Rafael Nadal told reporters in the lead-up to Wimbledon that treatment on a chronic foot injury has been effective of late (h/t ESPN's Tom Hamilton).
"The feeling and overall feelings are positive ... because I am in a positive way in terms of pain, and that's the main thing,"
Nadal, 36, has won a men's record 22 Grand Slam singles titles. He's won the first two majors this year in the Australian Open and French Open.
He's excelled this year despite suffering from Mueller-Weiss syndrome, a degenerative disease that causes foot pain, which forced him off the ATP Tour for five months in 2021.
Days have been better for Nadal of late as he manages the injury, although he said he can't be "super happy" right now with it being unknown how the ailment may affect him down the road.
"Well, is obvious that if I am here, it's because things are going better. If not, I would not be here. So quite happy about the things, how evolved. I can't be super happy because I don't know what can happen.
"First of all, I can walk normal most of the days, almost every single day. That's for me the main issue. When I wake up, I don't have this pain that I was having for the last year and a half, so quite happy about that. And second thing, practicing. I have been in overall better, honestly, no? Since the last two weeks, I didn't have not one day of these terrible days that I can't move at all. Of course, days better; days a little bit worse."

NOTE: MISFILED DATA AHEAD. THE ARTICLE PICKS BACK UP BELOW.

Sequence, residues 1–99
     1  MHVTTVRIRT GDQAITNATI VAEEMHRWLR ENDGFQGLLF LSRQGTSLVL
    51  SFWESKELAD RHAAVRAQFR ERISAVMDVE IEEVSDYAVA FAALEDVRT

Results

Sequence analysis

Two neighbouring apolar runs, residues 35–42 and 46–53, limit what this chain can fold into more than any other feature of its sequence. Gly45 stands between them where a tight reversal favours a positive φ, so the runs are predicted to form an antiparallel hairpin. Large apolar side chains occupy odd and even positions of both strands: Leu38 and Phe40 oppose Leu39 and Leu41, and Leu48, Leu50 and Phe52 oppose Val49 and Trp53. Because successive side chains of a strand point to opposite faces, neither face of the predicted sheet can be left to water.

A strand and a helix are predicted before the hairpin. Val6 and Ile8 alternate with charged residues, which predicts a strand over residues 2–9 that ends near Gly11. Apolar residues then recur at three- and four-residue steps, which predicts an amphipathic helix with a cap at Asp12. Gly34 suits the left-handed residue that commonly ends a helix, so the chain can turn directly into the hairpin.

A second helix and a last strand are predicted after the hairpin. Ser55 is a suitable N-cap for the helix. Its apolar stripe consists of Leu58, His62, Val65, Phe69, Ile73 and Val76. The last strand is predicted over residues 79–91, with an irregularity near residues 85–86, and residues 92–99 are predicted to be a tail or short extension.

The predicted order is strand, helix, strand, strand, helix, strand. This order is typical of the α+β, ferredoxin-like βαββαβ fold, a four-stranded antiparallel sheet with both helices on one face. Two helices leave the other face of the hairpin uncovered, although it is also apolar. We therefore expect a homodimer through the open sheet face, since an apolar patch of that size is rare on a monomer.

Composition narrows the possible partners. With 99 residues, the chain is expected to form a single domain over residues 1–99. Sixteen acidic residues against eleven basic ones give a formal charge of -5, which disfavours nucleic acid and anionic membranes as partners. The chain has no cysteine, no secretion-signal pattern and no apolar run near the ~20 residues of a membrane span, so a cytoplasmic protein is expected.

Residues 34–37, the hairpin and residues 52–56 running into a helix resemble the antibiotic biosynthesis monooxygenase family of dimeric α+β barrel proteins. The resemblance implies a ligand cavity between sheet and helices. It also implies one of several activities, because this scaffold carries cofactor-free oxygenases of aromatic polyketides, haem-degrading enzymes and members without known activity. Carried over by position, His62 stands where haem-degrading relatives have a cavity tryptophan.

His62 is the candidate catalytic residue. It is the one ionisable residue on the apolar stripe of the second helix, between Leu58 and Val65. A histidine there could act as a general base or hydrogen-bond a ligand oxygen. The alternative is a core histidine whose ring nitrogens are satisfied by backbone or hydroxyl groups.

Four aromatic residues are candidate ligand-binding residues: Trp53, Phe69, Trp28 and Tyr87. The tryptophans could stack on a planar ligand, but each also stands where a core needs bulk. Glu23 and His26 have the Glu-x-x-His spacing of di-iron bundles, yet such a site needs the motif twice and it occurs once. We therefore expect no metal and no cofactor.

Nadal previously revealed that he needed pain-killing injections in his foot just to play in the French Open.
"That's why I was able to play." 💬💉<br><br>In a Eurosport exclusive, Rafa Nadal has revealed that medical injections meant he played the French Open final with no feeling in his foot!<a href="https://twitter.com/hashtag/RolandGarros?src=hash&ref_src=twsrc%5Etfw">#RolandGarros</a> | <a href="https://twitter.com/RafaelNadal?ref_src=twsrc%5Etfw">@RafaelNadal</a>
Ultimately, the injury is something Nadal will have to deal with for the foreseeable future. At this point, it's a matter of whether the treatment can enable him to play tennis.
"I can't tell you if I going to be in that positive moment for one week, for two days, or for three months," Nadal said. "Of course, the treatment that I did, didn't fix my injury. Not improving my injury at all but can take out a little bit the pain. That's the main goal."
Nadal is halfway to a calendar-year Grand Slam right now. He'd be the first professional tennis player to do so since Steffi Graf accomplished the feat in 1988.